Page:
variable. The `dplyr`

package is convenient for grouping the Retrosheet data using player id as a grouping variable and summarizing each group by the number of swings and misses. If you are interested in learning more about miss rates, look at my recent post which explores swing rates and miss rates for 2018 regular hitters using Statcast data.

### 12.7 Revision Coming Out Soon

A reader asks: “I’m wondering if you all have any plans to update this book, especially since StatCast data is a significant source of data that came out since the book has been published, and you have written on using the data to analyze players. Thanks!”

The 2nd edition of *Analyzing Baseball with R* is coming out in a few weeks. I was fortunate to enlist Ben Baumer as a new coauthor. The R code has been updated in all chapters to reflect the tidyverse and we have two new chapters that use Statcast data.

## 13 CalledStrike Package and Swing and Miss Stats

### 13.1 Introduction

In last week’s post, I talked about graphs of density estimates of occurrences of events about the strike zone. That discussion leads naturally to a description of graphs of measures such as batting average or swing percentages defined over the zone. In February 2019, I introduced the `CalledStrike`

package that provides visualizations of measures over the strike zone. (By the way, I named my package `CalledStrike`

since I used it initially to look at regions of called strikes over the zone.) Recently I’ve updated the package – currently one has more choices on the metric to visualize and the one can use facets to visualize different types comparisons such as across pitcher side (Left and Right), across pitch types (Fastball and Off-Speed), and across count (Ahead, Neutral and Behind in the Count).

In this post I’ll briefly explain the process of constructing a display and then illustrate the use of the `CalledStrike`

package to explore swing and contact statistics of players during the 2019 season. One can download the package from my Github site and this page provides a general introduction to the `CalledStrike`

package. Even if you are unable to download the package, I think the individual functions in `CalledStrike`

may be useful for those who are interested to doing similar work.

### 13.2 Process of Constructing a Display

Let’s illustrate the process of constructing a visualization using DJ LeMahieu. We’re interested in exploring the pattern over the zone of his batting average on balls in play for the 2019 season.

- Step 1. We start by collecting the relevant data, specifically the 2019 balls put into play for DJ LeMahieu. Here is a scatterplot of the locations of the balls put into play where I have colored the point by hit (blue) and out (black).

Step 2: Next, we fit a generalized additive model (GAM) to smooth this graph. We have a binary response (hit or out) and the model represents the probability of a hit as a smooth function of the

`plate_x`

and`plate_z`

coordinates. A single`gam()`

function from the`mgcv`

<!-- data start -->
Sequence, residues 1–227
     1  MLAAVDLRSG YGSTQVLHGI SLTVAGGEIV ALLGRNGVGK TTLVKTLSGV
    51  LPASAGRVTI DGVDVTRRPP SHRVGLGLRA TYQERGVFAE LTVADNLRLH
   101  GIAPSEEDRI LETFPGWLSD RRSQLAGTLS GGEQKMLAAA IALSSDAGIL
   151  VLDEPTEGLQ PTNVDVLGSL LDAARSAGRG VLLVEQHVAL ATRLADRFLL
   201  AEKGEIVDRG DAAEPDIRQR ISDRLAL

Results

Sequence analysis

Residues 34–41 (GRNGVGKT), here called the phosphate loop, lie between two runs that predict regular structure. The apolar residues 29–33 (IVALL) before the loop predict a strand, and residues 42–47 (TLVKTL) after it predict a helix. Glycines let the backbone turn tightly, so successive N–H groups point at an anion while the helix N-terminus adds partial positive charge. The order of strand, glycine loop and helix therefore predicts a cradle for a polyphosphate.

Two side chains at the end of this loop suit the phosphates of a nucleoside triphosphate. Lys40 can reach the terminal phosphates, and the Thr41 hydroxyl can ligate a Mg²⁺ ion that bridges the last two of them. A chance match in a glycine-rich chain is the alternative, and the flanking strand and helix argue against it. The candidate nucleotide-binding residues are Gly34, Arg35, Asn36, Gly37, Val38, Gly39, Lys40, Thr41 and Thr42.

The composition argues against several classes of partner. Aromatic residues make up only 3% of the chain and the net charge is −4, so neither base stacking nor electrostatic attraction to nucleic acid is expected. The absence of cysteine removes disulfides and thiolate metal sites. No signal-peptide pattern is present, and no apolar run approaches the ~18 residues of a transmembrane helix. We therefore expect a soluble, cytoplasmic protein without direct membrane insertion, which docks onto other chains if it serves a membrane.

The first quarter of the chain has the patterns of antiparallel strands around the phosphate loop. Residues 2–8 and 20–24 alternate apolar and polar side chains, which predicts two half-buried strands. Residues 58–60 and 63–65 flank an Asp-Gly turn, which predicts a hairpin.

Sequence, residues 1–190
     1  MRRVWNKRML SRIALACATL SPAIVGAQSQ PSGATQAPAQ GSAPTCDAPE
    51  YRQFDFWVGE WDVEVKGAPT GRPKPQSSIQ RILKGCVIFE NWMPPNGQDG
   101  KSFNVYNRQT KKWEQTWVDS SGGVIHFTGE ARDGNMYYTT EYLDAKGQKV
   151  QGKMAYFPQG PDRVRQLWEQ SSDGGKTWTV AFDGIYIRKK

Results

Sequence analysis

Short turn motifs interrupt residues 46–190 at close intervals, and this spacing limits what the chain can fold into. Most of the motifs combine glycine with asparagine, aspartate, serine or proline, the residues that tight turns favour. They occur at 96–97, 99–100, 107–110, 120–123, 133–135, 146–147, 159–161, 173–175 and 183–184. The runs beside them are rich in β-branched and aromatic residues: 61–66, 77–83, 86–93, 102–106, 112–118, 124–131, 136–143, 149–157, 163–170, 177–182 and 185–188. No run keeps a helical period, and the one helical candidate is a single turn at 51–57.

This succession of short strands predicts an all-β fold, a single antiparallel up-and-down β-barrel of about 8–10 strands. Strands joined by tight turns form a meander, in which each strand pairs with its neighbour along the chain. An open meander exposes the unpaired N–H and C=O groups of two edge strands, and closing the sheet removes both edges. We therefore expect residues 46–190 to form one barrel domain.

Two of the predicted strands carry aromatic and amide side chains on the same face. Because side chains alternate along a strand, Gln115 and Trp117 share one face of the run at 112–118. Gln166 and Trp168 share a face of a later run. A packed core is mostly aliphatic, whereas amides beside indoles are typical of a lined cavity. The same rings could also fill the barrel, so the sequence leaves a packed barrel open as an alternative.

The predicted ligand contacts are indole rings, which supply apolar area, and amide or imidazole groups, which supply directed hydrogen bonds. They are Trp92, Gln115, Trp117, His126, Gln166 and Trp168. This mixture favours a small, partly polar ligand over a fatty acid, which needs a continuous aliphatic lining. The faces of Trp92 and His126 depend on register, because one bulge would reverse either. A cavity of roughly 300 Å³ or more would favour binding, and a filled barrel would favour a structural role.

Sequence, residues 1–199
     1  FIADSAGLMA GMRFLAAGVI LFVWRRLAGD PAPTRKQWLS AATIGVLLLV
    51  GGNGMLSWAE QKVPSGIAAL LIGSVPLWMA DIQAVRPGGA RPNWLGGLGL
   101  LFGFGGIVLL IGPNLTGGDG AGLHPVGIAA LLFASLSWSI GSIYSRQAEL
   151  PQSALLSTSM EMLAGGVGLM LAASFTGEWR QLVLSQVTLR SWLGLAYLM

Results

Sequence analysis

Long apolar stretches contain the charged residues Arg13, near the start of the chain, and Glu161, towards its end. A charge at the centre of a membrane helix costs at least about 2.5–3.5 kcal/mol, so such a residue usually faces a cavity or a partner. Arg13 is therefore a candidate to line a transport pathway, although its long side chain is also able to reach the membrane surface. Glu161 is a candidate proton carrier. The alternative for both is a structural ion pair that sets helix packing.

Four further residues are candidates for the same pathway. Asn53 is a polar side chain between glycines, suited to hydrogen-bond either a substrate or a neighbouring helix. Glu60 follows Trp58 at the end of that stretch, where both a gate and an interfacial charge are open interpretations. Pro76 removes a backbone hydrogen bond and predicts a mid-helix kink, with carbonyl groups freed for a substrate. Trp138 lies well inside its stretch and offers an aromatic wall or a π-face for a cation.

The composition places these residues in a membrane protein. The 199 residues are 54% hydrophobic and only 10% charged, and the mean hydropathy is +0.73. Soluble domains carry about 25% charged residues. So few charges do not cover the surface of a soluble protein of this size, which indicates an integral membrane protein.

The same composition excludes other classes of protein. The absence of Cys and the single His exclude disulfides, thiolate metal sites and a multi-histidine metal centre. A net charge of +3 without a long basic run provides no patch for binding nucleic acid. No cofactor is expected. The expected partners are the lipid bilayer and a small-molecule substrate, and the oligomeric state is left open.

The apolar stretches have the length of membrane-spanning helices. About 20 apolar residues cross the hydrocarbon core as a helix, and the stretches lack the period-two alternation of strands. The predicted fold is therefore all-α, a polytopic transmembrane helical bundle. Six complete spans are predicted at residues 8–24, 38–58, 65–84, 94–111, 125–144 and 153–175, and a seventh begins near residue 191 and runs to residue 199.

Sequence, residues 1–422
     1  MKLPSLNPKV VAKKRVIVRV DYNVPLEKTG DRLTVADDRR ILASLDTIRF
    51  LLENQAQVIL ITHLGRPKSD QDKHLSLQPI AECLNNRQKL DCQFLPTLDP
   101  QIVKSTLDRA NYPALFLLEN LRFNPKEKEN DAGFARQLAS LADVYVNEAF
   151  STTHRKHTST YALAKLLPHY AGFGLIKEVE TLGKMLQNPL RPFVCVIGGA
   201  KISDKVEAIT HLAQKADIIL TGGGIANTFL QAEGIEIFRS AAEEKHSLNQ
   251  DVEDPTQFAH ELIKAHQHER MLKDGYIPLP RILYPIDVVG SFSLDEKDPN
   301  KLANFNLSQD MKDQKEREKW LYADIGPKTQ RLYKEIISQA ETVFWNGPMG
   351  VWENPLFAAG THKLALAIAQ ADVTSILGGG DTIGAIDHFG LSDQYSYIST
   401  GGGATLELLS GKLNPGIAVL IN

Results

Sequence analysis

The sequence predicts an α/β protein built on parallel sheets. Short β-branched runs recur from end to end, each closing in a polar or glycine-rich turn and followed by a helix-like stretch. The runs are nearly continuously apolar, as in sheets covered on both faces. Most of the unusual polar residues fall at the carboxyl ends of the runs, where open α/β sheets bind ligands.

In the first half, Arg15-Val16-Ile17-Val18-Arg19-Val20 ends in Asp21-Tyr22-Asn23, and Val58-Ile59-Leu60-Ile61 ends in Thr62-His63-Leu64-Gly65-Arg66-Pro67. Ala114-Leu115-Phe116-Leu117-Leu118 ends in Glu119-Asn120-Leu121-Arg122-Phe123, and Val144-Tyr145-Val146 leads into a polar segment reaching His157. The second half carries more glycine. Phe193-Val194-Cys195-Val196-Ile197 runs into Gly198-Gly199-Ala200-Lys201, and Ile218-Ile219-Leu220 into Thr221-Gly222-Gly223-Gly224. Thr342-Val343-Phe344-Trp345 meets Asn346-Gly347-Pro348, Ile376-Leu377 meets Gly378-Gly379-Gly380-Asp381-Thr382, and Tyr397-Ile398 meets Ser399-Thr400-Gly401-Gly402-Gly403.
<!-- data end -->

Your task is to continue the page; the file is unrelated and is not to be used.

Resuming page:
package does the fitting.Step 3: Last we set up a 50 by 50 grid over the zone and use the model fit to predict the probability of a hit for each point on the grid - the

`grid_predict()`

function in`CalledStrike`

does this part.Step 4: We have two choices how to graph these predicted probabilities – we can either use a tile plot or a filled contour plot. If we use a contour graph, we can specify the level values for the contours. Here I use values from 0 to 1 in steps of 0.02. (By the way, this is a fascinating pattern of hitting for LeMahieu which deserves further exploration.) This step uses the

`ggplot2`

and`metR`

packages and the`geom_tile()`

and geom_`filled_contour()`

functions.

The function `hit_contour()`

in CalledStrike produces this graph where the inputs are the Statcast data, the vector of contour values and the title of the graph.

```
dj <- filter(statcast2019,
player_name == "DJ LeMahieu")
hit_contour(dj, L = seq(0, 1, by = 0.02),
title = "2019 LeMahieu Probability of Hit")
```

If you examine the `hit_contour()`

function, it shows the basic steps described above

```
filter(statcast2019,
player_name == "DJ LeMahieu") %>%
setup_inplay() %>%
hr_h_gam_fit(HR = FALSE) %>%
grid_predict() %>%
contour_graph(L = seq(0, 1, by = 0.02),
title = "2019 LeMahieu Probability of Hit")
```

### 13.3 Swing and Miss Study

Let’s focus on the hitters in the 2019 season who were extreme on their tendency to swing and on their tendency to make contact on their swings. We begin with the FanGraphs leaderboard (look at the Plate Discipline tab) where I plot the swing fraction (horizontal) against the contact fraction (vertical) for all qualified hitters. I have labeled nine points corresponding to players who are reluctant swingers (left) and wild swingers (right).

Using my package, I construct contour graphs for the smoothed swing probabilities for these nine players. We see dramatic differences between the two groups.

Let’s focus on Mike Trout who appears to be a reluctant swinger. How does Trout’s swing tendency depend on the pitcher arm? I use the functions `split_LR()`

and `swing_contour()`

to display a smoothed swing probability for both pitching arms. The region of high swing probability appears similar for both arms, but there are some differences. For example, Trout is more likely to swing on low and outside against lefties and he is more likely to swing on middle-outside pitches to righties.

How does Trout’s swing probability depend on the pitch type (fastball or off-speed)? I use the functions `split_pitchtype()`

and `swing_contour()`

to show the smoothed swing probability for fastballs and offspeed pitches. We see that Trout is reluctant to swing on an offspeed pitch – if he does swing on an offspeed pitch, it tends to be low in the zone.